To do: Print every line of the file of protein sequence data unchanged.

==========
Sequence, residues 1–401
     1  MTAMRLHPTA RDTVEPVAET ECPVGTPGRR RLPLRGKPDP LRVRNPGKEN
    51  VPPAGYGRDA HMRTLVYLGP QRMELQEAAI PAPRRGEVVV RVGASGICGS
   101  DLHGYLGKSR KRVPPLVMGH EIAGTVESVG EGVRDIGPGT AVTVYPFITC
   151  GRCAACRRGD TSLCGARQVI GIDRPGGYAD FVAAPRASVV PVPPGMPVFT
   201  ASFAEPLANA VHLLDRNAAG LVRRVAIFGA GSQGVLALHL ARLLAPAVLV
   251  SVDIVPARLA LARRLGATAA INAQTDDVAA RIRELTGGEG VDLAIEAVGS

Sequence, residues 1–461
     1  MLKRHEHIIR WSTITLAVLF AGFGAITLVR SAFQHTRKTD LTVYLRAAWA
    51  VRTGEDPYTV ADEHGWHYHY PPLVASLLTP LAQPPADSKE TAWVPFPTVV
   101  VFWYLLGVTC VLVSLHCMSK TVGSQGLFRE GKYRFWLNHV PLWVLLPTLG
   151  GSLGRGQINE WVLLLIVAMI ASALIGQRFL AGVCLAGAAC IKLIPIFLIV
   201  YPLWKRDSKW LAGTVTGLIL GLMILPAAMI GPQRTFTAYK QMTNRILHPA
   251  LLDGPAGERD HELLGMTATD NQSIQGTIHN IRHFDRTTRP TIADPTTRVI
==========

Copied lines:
Sequence, residues 1–401
     1  MTAMRLHPTA RDTVEPVAET ECPVGTPGRR RLPLRGKPDP LRVRNPGKEN
    51  VPPAGYGRDA HMRTLVYLGP QRMELQEAAI PAPRRGEVVV RVGASGICGS
   101  DLHGYLGKSR KRVPPLVMGH EIAGTVESVG EGVRDIGPGT AVTVYPFITC
   151  GRCAACRRGD TSLCGARQVI GIDRPGGYAD FVAAPRASVV PVPPGMPVFT
   201  ASFAEPLANA VHLLDRNAAG LVRRVAIFGA GSQGVLALHL ARLLAPAVLV
   251  SVDIVPARLA LARRLGATAA INAQTDDVAA RIRELTGGEG VDLAIEAVGS

Sequence, residues 1–461
     1  MLKRHEHIIR WSTITLAVLF AGFGAITLVR SAFQHTRKTD LTVYLRAAWA
    51  VRTGEDPYTV ADEHGWHYHY PPLVASLLTP LAQPPADSKE TAWVPFPTVV
   101  VFWYLLGVTC VLVSLHCMSK TVGSQGLFRE GKYRFWLNHV PLWVLLPTLG
   151  GSLGRGQINE WVLLLIVAMI ASALIGQRFL AGVCLAGAAC IKLIPIFLIV
   201  YPLWKRDSKW LAGTVTGLIL GLMILPAAMI GPQRTFTAYK QMTNRILHPA
   251  LLDGPAGERD HELLGMTATD NQSIQGTIHN IRHFDRTTRP TIADPTTRVI